We've really had fun being local tourists in San Antonio. We've played at the zoo, Natural Bridge Caverns, the wildlife park, Sea World, the River Walk, both art museums, the children's museums, the Witte, the Museum of Texan Cultures, the botanical and sunken tea gardens, the many kid parks and amusements, the bizarre (toilet seat museum!?), and enjoyed numerous festivals and parades. One of the few places left that I wanted to explore was the old Franciscan missions. Of course we'd been to the Alamo several times. How can you visit San Antonio, much less live here and NOT see the Alamo? Including the Alamo, there are five old missions in San Antonio, all within a few miles of each other.
Andrea and Jeremy graciously offered to watch the kids for us so we could have a 10th anniversary/last-chance-before-the-baby getaway. We dined in a French restaurant that evening and stayed in a swanky hotel downtown. It was so fun to be alone and on a date with my man!
The next morning we set out to see two of the missions, San Jose and Concepcion. We wanted to see San Jose because it was the largest, and Concepcion since it was reported to be the most beautiful and well preserved.
By the visitor's center some artists were holding a traditional pottery demonstration. Here he is building the fire around the kiln.
The mission was home not only to the friars, but up to 300 people. It was quite the community with a school, farms, and families living in the thick, thick rectangular wall that surrounded the chapel, store room, refractory, convento, kitchen, and grounds. It was designed as a fortress too in times of attack. The walls were rebuilt in the 1930s along the original foundations, however, about 80% of the church itself withstood the test of time and malicious abuse. Inside the walls there were tiny connecting rooms and small slits in the wall. The courtyard within the walls was very spacious.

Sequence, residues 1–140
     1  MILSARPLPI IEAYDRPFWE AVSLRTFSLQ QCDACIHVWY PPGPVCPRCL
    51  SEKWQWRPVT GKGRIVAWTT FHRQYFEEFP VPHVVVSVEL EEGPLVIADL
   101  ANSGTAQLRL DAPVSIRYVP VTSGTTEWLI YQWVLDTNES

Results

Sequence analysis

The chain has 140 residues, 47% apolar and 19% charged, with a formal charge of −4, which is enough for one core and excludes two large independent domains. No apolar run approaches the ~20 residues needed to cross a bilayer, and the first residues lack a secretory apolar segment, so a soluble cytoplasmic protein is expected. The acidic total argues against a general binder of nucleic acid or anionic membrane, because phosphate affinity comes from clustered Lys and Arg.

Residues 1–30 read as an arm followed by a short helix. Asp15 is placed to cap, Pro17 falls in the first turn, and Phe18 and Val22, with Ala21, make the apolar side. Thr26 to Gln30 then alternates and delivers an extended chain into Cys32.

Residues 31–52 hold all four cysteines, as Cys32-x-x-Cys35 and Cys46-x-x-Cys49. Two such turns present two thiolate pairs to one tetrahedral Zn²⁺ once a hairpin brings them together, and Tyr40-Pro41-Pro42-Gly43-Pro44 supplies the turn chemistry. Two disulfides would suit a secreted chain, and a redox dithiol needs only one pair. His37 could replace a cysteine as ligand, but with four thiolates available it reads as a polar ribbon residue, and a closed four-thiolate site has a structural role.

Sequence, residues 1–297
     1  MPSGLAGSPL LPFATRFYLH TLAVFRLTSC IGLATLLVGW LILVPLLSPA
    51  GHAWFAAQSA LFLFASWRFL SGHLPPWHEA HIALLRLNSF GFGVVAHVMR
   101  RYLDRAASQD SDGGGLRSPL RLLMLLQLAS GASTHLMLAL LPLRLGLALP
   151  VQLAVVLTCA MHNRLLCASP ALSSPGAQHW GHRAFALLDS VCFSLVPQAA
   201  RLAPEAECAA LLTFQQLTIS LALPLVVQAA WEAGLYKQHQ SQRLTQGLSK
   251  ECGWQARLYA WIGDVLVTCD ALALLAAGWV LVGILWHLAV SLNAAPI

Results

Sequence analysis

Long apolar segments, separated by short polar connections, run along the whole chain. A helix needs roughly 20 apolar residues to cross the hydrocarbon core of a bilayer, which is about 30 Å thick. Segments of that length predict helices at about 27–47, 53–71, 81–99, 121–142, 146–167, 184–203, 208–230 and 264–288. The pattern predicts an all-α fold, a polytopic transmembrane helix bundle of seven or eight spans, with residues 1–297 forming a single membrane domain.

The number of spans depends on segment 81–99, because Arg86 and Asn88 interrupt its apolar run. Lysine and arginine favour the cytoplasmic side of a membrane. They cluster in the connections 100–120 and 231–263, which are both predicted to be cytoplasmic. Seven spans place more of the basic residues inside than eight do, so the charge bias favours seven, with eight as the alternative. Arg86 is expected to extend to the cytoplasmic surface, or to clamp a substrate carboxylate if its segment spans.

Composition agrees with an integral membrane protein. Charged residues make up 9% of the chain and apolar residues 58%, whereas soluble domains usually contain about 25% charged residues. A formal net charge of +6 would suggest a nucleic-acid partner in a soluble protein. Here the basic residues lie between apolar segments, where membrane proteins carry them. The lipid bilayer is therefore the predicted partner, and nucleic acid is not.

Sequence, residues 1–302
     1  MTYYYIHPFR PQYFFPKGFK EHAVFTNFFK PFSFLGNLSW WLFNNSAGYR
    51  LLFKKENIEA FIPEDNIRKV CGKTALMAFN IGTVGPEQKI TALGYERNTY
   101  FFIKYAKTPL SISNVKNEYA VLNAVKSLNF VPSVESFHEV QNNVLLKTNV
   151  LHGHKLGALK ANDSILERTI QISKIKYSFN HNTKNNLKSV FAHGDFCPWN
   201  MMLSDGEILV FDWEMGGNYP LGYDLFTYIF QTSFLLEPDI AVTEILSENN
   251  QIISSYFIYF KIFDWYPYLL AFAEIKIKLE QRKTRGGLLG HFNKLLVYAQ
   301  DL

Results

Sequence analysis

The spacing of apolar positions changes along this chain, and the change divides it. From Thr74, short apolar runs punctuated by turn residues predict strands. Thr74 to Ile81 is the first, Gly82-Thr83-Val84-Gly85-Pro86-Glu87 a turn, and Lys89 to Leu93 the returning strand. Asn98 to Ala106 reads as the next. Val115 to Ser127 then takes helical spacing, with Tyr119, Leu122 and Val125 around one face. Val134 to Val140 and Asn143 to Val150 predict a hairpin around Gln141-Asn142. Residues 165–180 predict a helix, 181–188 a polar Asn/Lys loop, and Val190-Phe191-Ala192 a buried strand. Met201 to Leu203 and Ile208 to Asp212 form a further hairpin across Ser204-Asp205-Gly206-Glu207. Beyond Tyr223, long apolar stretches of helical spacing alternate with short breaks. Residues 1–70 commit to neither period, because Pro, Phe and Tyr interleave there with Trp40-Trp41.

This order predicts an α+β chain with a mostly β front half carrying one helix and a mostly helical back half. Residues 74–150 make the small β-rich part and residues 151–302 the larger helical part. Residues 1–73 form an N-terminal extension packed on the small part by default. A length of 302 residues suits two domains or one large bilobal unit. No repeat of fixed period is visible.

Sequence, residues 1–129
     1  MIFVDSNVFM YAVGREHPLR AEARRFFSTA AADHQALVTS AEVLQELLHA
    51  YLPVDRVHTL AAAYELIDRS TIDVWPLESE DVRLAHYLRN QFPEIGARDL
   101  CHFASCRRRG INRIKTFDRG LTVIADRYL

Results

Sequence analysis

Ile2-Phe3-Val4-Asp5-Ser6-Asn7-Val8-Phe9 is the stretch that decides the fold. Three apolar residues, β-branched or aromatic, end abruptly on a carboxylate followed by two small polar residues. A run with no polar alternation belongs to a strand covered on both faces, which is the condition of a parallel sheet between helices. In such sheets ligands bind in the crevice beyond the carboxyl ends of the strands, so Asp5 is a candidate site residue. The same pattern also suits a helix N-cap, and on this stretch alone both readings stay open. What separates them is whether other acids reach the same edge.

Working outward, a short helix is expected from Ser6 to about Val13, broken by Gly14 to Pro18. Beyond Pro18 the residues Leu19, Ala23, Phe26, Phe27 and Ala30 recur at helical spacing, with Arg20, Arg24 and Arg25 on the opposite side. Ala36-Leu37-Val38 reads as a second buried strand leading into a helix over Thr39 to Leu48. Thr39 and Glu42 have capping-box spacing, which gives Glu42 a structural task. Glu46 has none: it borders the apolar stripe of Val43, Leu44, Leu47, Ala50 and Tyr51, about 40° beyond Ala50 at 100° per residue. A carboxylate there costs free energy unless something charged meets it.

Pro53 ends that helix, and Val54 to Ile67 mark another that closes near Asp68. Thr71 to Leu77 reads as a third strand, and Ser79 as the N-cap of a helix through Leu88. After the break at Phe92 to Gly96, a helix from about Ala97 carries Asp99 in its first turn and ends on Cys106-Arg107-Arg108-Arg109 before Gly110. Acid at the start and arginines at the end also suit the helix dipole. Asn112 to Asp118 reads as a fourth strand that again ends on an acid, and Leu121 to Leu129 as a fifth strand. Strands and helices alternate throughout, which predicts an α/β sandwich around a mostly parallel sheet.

A portion of the original plaster with the colorful fresco. Apparently the buildings were not the drab gray we see today, but had a riot of color and designs.
After our trip to the missions we toured the Spanish "governor's" palace in downtown San Antonio. Hint: there never was a governor of San Antonio, just some Spanish administrative bureaucrat. Apparently folks in the 1920s liked to romanticize history a bit, and where it didn't fit their preconceived notions, they just made it up. The building was added onto in the 20s to make it more "fitting" as a mansion. Boo! The courtyard gardens were pretty, but all in all, worth a pass.
Next we visited the McNay art museum together. I'd taken the kids there two years before, but it was so nice to leisurely browse the exhibits instead of racing to the next piece. The McNay has an excellent collection of French impressionist artists, including some water lily paintings by Monet. We also enjoyed a recital there performed by musicians from the San Antonio Symphony.
We did enjoy our last pre-baby hurrah, and now I finally feel that we've fully experienced San Antonio. It is such a fun and interesting city!